The power of vulnerability in sales - Effective Marketing Clips 21
The power of vulnerability in sales – Effective Marketing Clips 21
The Power of Vulnerability Sales.
Martin Henley: Before we started recording, you were talking about the power of vulnerability, which I think is counterintuitive to business people. What is that? What does that mean?
Niraj Kapur: The power of vulnerability means wearing your heart on your sleeve, and it’s absolutely vital when it comes to leading people. A good example would be Och. Monday morning first thing in the morning, what the most bosses do in the world of sales. They have a team meeting and say, right, you have to get this, this, this, this. Get out there and sell. Make 40 phone calls. Do whatever you have to do. Say whatever you have to say. Get the target. It terrifies me the number of meetings I’ve sat in in the last six months, where that is how it starts. That is not how you start Monday morning. What you do is you have 1 to 1 meetings with your individual staff members. It’s a much more difficult process, a much more time consuming process, but it’s a way more effective one. And you talk to your team. How was your weekend? Don’t just say it. How was your weekend? And just listen to what people have to say. Get to know your stuff. Listen, these are all the most amazing skills you can have. And then when you’ve listened and they’ve talked. Talk about something you’ve done at the weekend or something you’ve had to overcome at the weekend, and then you go into business. And this is something I’ve been doing now for a while and it makes such a big difference working with companies.
Niraj Kapur: That is a power of vulnerability. Another example of vulnerability is in the post I mentioned on LinkedIn. Once a week I’ll talk about challenges and overcoming the challenges can be in business. Last month, people I did a post a surprise and shock people. I said, You know what? I’ve had no business on LinkedIn for the last three weeks now. Nobody expected me to say that I’ve had the best year of my career. I get constantly to LinkedIn every month and I convert lot of that business. But in November, I generated nothing. And people are like, Oh my God, thank you for being honest. That’s all people said. Thank you for being honest. Thank you for being real. And then people reached out to me privately to say, I really appreciate you saying that. By the way, I know it’s probably a one month, one off month for you not to get any success, but I’d like to have more success. Like, can we have a talk? That is a brilliant example of vulnerability. So a lot of people will brag and show off and say, Look at me. Look at what I’m achieving. But I will say, you know what? I’ve had a tough month this month. It’s been really difficult. That is how people relate to you, and that is a power of vulnerability.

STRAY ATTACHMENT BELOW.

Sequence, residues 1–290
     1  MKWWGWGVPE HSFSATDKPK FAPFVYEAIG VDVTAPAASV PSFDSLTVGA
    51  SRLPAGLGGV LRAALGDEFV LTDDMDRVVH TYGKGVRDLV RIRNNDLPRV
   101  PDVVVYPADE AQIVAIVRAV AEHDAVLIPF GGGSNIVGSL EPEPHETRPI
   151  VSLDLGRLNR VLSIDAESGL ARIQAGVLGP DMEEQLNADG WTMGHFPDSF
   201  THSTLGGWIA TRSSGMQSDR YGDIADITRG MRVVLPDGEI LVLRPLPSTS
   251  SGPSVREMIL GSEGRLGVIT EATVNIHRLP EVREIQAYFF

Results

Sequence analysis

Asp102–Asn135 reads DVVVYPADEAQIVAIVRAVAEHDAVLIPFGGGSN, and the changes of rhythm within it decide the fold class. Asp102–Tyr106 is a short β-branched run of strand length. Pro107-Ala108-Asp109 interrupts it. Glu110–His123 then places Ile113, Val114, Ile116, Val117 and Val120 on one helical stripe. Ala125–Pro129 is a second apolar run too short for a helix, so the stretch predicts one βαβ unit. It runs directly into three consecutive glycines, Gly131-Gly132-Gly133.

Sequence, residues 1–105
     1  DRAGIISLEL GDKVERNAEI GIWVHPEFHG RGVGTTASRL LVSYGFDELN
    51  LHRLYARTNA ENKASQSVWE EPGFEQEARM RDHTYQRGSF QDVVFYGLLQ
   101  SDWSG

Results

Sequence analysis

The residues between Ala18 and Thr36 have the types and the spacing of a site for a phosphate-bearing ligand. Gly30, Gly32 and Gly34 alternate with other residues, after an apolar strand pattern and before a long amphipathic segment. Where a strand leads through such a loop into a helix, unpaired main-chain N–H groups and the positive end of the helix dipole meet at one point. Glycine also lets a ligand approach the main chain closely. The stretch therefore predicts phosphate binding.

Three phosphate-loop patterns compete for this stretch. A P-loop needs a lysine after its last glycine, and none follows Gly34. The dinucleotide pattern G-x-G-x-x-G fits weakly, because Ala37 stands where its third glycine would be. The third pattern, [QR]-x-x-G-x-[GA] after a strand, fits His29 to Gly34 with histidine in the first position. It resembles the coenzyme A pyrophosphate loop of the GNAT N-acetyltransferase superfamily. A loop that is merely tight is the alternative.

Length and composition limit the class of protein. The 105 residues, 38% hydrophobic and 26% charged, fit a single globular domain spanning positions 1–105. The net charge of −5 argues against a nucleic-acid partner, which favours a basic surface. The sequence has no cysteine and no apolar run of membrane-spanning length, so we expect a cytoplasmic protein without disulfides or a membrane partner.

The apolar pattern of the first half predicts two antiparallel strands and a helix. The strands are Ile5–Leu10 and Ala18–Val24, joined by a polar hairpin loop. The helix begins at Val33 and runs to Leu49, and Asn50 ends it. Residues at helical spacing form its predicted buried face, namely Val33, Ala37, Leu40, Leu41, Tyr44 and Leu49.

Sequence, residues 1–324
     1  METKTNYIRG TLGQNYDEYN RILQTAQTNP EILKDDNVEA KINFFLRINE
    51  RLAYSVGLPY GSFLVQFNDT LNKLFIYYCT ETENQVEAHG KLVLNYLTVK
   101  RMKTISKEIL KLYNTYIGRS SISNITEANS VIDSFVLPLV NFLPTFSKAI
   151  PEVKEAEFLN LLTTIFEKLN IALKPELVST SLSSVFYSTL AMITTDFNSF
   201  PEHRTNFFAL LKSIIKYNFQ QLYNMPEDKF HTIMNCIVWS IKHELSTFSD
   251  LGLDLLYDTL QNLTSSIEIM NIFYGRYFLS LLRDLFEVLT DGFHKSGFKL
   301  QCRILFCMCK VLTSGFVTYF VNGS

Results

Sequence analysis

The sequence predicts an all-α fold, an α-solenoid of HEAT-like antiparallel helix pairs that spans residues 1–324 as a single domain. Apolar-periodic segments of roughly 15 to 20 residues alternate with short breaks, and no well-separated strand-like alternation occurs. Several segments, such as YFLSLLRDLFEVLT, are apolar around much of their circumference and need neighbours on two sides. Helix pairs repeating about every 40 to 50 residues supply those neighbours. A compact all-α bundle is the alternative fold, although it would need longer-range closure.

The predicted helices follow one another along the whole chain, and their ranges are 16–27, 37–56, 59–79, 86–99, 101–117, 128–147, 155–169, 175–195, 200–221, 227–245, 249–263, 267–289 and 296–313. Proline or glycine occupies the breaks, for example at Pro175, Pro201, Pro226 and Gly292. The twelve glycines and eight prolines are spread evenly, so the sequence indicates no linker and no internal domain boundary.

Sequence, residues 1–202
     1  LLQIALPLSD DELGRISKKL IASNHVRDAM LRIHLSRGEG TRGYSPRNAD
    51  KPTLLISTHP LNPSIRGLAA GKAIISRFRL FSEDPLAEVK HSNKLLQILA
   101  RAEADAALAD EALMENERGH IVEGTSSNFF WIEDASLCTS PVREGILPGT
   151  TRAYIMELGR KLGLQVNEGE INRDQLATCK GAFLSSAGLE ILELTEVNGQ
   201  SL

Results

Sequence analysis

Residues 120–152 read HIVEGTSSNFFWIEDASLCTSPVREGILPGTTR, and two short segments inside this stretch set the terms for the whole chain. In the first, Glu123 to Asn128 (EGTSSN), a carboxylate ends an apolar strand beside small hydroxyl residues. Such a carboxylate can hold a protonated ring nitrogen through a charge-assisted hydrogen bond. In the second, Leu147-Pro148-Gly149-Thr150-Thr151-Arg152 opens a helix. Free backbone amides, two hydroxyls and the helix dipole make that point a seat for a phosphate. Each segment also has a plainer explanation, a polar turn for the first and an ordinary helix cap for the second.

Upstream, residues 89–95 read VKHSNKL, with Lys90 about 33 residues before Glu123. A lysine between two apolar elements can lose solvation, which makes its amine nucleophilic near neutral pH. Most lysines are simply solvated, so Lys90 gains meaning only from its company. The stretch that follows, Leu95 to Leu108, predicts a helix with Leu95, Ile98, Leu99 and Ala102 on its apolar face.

Martin Henley: Okay, good. Because I suppose the thing that happens in sales is that nobody fronts the challenges. You know, nobody. Like if you’re failing in sales, it’s because you’re a failure. It’s not because there’s an issue with the quality of leads. It’s not because there’s an issue with the value proposition. It’s not because there’s an issue with the product not being the right fit or it not being the right time or the pricing not not quite working. It’s your fault you’re failing. So if you’re not doing your sales number very often it’s because of that. And the issue I have with that is all of those things are actually really easy to fix. You know, as long as you are fronting up to the fact that these things are challenges, they’re not insurmountable problems. You know, you can make adjustments to your pricing, you can make adjustments to your targeting, you can make adjustments to the value proposition. All of these things can be fixed. You can tweak the product so it actually fits the the needs or wants of your customers. But you’re right, it’s very often it’s like rah, rah, rah rah, go out there and do it. And if you don’t do it, it’s because you’re a failure. So. Yeah. So I think. If you’re going to be a problem solver, a solution provider, then I think it is important that you demonstrate that you are finding solutions and you can’t find solutions without having challenges.
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